… Miller said things about Bowie Kuhn that were unfair and personal, but the fact is that Busch, Charles Oscar Finley and several other owners created Miller with their arrogance and 19th-century thinking. But what he, Moss and eventually Donald Fehr and Gene Orza did for the players was historic and has a rightful place in Cooperstown, N.Y., because Marvin was a giant figure in the game’s history and evolution, which the museum so brilliantly details.
The barons who so hated Miller and all that he represented were so consumed with maintaining their control over players that they never envisioned what would happen when, finally, the Messersmith-McNally Decision was handed down in January 1976 and the business changed forever. Until a new collective bargaining agreement was negotiated at the All-Star break in Philadelphia during the summer of ’76, most Major League players were going to be free agents at the end of the season; the newly created system allowed for the six-year waiting period before a player is free to play where and for whom he wants.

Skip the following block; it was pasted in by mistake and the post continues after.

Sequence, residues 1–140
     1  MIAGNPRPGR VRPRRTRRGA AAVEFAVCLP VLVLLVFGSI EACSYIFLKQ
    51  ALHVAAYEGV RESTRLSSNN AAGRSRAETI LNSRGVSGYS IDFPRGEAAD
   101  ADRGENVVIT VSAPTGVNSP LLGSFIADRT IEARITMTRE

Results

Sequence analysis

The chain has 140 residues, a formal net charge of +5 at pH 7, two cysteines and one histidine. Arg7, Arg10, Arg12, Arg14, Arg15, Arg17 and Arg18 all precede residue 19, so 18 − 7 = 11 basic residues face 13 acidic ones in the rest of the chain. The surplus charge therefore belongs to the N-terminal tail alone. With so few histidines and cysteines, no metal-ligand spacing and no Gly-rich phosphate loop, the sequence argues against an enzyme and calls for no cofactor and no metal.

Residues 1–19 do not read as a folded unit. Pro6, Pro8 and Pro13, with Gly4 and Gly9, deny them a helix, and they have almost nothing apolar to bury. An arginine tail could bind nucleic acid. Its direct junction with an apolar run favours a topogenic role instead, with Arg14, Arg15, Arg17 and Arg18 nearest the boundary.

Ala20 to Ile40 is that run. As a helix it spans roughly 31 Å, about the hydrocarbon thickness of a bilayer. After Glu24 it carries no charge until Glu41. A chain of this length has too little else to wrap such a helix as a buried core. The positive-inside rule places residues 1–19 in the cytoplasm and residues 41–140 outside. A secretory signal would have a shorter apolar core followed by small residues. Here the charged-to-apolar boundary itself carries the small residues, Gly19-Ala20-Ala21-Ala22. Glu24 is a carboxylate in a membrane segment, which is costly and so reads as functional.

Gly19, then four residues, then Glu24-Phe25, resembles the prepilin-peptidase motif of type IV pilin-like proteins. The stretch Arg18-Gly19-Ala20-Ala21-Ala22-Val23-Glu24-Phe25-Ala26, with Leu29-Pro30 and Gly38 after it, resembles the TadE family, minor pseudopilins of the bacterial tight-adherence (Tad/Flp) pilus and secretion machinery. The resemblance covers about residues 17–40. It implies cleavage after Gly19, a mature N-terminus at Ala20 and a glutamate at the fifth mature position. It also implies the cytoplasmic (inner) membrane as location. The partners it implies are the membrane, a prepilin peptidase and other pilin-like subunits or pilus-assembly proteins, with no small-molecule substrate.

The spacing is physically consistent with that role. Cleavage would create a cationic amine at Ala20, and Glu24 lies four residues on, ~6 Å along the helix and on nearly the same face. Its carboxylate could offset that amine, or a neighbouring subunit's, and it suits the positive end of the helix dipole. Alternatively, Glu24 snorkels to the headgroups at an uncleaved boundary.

What happened was that the attention on baseball completely changed. It became a 12-month business. Free agency was on the front pages of sports sections from November until Spring Training, beginning with that first free-agent class, which included Reggie Jackson, Don Gullett, Bobby Grich, et al.
So what Miller did for baseball and owners was take it out of what players referred to as “the plantation cocoon” and make it a ton of money. Free agency made baseball a far different entertainment entity. Oh, it seemed as if management forever kept trying to turn back the clock, hiring Ray Grebey, Dick Ravitch and all kinds of hired guns to set the Players Association back on its heels. …